Field: Damage-reducing technique, Soil characterization
Global Technical function: Managing
Technical Function Unit: Modelling, Software tool

SoilCAM - Geophysical software

The SoilCAM (Soil Contamination: Advanced integrated characterization and time-lapse Monitoring) project is a four-year initiative funded by the Seventh Framework Programme, FP7, a grant funding programme, which will end during 2012. It aims to develop integrated strategies and
damage-reducing techniques to detect temporal and spatial change of chemical and physical properties of the subsoil that can be related to sustainable environmental recovery of polluted sites.

A number of geophysical tools such as the Polares instrument have been developed within the project to study pollution in groundwater and soil and to collect relevant hydrogeological data from specific sites. These instruments generate large amounts of geophysical data for
soil characterization in different types of datasets. Thus, new software and strategies are needed for managing this data.

Based on these needs, a new geophysical software code for modelling and inversion of complex conductivity electrical data has been developed within the framework of the project. It is based on solving the tomographic problem of creating relevant images of the studied sites. The results are 2D or 3D images (depends on the collected data set) of the soil conductivity and polarizability. The new software tool interprets the dataset of soil electrical conductivity and polarizability through a strategy called joint inversion, allowing it to process data from different frequencies simultaneously. The code uses adaptive meshes which are refined close to the electrodes. The inversion schemes are based on a Primal Dual - Interior Point: the approach gives a great flexibility to the user to adopt the best algorithm, allowing a sharper or smoother reconstruction of the tomographic images. The specific conditions of the site to be imaged determine the choice of algorithm. Processing of conductivity data offers the opportunity to adapt the mesh in regards of resolution. The overall approach is implemented in a software package based on the NES-GeoElectric library, allowing reconstruction of 2D and 3D electrical data optimized for speed and for parallel operation on multi-core computing architectures. The intention is to release the software package under a public domain license in the beginning of 2013. The code has been used in a number of test sites in Italy to interpret both data collected from the surface both in cross-hole configuration.  Thus, the technology readiness level of the software is reaching a 9 on the TRL scale.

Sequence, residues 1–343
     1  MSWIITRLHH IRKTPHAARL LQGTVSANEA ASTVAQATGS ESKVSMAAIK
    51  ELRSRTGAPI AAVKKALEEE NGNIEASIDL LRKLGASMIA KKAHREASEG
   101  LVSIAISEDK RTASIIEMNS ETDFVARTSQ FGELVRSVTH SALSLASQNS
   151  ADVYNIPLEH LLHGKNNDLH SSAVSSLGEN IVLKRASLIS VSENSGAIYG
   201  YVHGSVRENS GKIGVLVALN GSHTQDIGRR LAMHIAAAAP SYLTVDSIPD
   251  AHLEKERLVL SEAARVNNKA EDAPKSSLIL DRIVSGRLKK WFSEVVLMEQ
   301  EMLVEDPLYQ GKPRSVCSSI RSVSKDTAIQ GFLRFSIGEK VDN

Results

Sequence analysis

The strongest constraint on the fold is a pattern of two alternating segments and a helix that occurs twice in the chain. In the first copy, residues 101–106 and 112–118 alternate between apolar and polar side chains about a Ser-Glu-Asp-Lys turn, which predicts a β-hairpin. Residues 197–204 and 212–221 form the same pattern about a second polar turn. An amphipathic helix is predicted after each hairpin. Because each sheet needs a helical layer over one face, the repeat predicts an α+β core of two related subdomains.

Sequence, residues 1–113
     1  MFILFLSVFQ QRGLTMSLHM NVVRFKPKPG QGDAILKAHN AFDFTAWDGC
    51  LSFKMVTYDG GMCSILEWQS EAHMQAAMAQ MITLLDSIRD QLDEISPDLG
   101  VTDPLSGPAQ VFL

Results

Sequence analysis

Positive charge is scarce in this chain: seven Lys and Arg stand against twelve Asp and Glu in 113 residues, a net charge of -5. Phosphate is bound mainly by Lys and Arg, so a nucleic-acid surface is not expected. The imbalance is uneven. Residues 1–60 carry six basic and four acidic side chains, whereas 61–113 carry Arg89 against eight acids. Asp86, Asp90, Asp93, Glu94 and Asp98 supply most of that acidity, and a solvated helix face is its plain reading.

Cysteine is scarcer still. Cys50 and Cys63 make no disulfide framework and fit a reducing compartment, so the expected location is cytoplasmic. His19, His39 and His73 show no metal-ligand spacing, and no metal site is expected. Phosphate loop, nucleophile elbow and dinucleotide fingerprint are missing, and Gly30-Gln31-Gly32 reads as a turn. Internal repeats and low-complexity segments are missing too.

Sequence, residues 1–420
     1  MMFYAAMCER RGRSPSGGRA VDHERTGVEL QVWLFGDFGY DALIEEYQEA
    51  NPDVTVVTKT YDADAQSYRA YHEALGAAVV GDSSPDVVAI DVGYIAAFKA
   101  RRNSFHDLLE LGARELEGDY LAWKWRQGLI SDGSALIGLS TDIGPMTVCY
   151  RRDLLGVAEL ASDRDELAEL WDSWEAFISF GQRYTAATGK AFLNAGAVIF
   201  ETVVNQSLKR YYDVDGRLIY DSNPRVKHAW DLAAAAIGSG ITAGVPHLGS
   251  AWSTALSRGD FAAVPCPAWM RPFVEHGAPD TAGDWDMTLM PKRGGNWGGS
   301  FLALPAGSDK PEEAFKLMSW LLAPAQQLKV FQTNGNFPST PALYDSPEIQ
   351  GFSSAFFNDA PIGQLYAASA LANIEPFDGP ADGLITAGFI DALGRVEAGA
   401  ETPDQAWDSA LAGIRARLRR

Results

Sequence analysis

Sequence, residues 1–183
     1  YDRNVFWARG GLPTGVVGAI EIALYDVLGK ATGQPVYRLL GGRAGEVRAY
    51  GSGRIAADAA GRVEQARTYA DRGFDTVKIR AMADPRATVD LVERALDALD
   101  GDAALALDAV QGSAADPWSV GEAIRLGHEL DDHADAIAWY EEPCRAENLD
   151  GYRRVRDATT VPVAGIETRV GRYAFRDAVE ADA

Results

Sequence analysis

Some new and innovative strategies have also been developed within the framework of the project. One example, mentioned above, is the new strategy for joint inversion of geophysical data with the capacity to integrate different geophysical datasets in a unique inversion process; this minimises the ambiguities due inherent to inversion procedure of geophysical data and provide more reliable geological and hydrogeological models of the subsoil. For instance, different sets of electrical data and electromagnetical data can both be integrated into a model, to achieve more robust models of the subsoil in terms of hydrogeological behaviour: i.e. improved models that can be used to constraints the numeric or analytical model of groundwater flow and transport of contaminants. Also, there is a new strategy of solving the inversion problem of tomographic dataset based on the staggered grid approach which offers a more flexible interpretation of data, to minimize some differences and include interpretation uncertainties in the results through statistical strategies.